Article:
I was raised by my great grandma Dina who lived with us. Both of my parents worked and Dina was the one who gave me all her love and attention and was the closest person to me during my childhood years. In essence she was like a mother to me.Her whole life was dedicated to our family. Dina only had a high school education but loved to read anything she could get her hands on. She read stories to me before bedtime and I loved them as much as the sound of her voice.Always very active and generally healthy, when Dina turned 84, all her joints got affected by arthritis and she became bedridden. She could no longer walk or even get up by herself. There were no walkers, wheelchairs or commodes back then. I remember how my mom and I were trying to get her to the bathroom… My mom would hold Dina and I would move her legs. She would scream with every step because it was so painful!She went to see a doctor. After carefully examining her he said: “I am sorry, but unfortunately, you will never walk again”.He was probably not a bad doctor, but he did not know my great grandmother, her will power and her determination. She did not have a college degree, but she was a reader. Dina read an article in the newspaper on the benefits of an exercise program for people of all ages and decided to do it on her own. She made up a list of exercises for each joint and went to work.First lying in bed, 10 times each exercise, then 20, then 30… all the way up to 100 times each joint. Then she did them sitting, then standing. Soon Dina was able to walk again!Not only that, she was doing all the house chores and more. Dina was back! She lived to be 99 years old and she continued doing those exercises every single day. No canes, no walkers.That got me thinking. I was very athletic and did all kinds of sports including fencing, gymnastics and track and field. I also loved medicine. I somehow knew that medicine would be my path from the time I was in the middle school. I just combined the three, my love for sports, my love for medicine and my grandmother’s story. The rest is history.That is why I do what I do and love doing it every single day!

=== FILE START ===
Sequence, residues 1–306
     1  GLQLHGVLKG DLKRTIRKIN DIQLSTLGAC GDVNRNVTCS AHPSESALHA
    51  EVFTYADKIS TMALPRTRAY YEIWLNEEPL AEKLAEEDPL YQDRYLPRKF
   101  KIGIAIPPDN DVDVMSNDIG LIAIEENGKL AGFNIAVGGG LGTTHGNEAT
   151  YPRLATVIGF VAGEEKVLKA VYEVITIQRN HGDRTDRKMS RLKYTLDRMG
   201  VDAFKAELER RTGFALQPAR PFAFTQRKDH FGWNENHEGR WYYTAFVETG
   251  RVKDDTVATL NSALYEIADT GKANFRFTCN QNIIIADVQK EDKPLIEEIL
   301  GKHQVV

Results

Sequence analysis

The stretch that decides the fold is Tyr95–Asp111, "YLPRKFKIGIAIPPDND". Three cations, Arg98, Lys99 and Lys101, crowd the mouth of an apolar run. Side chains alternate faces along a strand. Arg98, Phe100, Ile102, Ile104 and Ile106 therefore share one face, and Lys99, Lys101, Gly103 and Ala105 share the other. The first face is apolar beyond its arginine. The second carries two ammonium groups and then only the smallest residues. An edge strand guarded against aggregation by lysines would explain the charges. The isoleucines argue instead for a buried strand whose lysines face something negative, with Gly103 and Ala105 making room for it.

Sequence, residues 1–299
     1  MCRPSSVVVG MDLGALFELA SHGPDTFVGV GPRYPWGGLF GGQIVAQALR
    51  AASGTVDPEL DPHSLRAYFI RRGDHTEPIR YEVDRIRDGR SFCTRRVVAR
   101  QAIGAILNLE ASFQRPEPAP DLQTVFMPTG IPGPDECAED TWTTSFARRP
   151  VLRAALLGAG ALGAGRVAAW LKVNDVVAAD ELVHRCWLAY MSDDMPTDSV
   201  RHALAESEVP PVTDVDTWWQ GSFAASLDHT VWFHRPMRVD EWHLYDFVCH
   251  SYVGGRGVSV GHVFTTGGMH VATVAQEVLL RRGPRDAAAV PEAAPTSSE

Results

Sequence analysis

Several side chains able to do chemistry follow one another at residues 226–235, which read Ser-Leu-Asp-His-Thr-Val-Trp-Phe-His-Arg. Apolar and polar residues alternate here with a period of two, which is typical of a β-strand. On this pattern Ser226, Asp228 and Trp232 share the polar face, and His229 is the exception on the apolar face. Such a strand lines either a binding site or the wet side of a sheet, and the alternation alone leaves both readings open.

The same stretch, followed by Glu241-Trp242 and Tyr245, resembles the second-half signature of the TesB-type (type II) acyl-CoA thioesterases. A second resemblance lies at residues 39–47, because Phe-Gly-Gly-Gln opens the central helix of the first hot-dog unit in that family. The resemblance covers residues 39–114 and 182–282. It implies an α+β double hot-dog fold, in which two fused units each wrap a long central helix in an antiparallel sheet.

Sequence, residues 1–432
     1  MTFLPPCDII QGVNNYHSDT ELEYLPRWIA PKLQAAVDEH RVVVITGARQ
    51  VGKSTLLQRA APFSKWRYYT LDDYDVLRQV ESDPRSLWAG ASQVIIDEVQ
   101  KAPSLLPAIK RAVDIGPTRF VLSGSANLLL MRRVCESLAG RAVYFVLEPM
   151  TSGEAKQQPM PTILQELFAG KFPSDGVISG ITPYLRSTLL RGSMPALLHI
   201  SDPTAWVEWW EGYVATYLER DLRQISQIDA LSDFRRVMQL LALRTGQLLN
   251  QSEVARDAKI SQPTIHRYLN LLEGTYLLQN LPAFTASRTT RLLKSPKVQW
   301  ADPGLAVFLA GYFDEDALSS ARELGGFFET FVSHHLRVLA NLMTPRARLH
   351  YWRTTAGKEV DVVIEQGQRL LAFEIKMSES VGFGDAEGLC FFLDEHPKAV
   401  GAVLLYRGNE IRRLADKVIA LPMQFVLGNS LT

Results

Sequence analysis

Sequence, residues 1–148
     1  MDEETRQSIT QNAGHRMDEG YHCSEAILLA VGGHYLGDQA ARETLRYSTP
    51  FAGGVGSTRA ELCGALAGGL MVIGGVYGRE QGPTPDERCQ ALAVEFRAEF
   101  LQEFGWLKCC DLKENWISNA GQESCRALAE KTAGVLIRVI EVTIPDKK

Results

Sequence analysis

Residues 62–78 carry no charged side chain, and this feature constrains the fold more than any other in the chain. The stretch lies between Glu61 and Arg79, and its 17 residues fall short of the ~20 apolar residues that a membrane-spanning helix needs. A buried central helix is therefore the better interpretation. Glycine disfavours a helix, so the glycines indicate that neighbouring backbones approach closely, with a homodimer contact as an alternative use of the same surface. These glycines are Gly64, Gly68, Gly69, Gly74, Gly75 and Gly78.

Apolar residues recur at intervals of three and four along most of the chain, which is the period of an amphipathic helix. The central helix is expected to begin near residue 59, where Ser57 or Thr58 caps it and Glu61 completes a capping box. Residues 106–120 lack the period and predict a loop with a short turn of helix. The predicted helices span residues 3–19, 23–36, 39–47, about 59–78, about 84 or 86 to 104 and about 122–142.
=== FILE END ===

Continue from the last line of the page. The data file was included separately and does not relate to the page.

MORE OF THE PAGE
Erin Connelly was born and raised in Bryn Athyn, PA where she attended the Academy of the New Church Girls School. Throughout her life she participated in many athletic events such as gymnastics, dance, soccer, basketball, lacrosse, and spring board diving which inspired her to further her education in the health and athletic industry. In 2011 she completed her Bachelor of Science degree in Exercise & Sport Science from Coastal Carolina University in South Carolina. After graduation she worked in a physical therapy outpatient clinic as a physical therapist aide and receptionist where she found her true passion in life was to become a physical therapist with a specialty in manual therapy. Manual therapy inspired her because she found that the techniques gave positive healing results to patients while offering quality and individual healthcare. In 2012 she moved to Saint Augustine, FL where she completed her degree as a Doctor of Physical Therapy with a specialty in manual physical therapy in 2014. Erin has now Manual Therapy Certified specializing in manual techniques for the sub-cranial/cervical spine, thoraco-lumbar spine, sacro-iliac joint, extremities, and myofascial mobilization of the entire body. Outside of work her time is well spent with fitness/athletics, running with her rescued black lab, and cooking with her husband.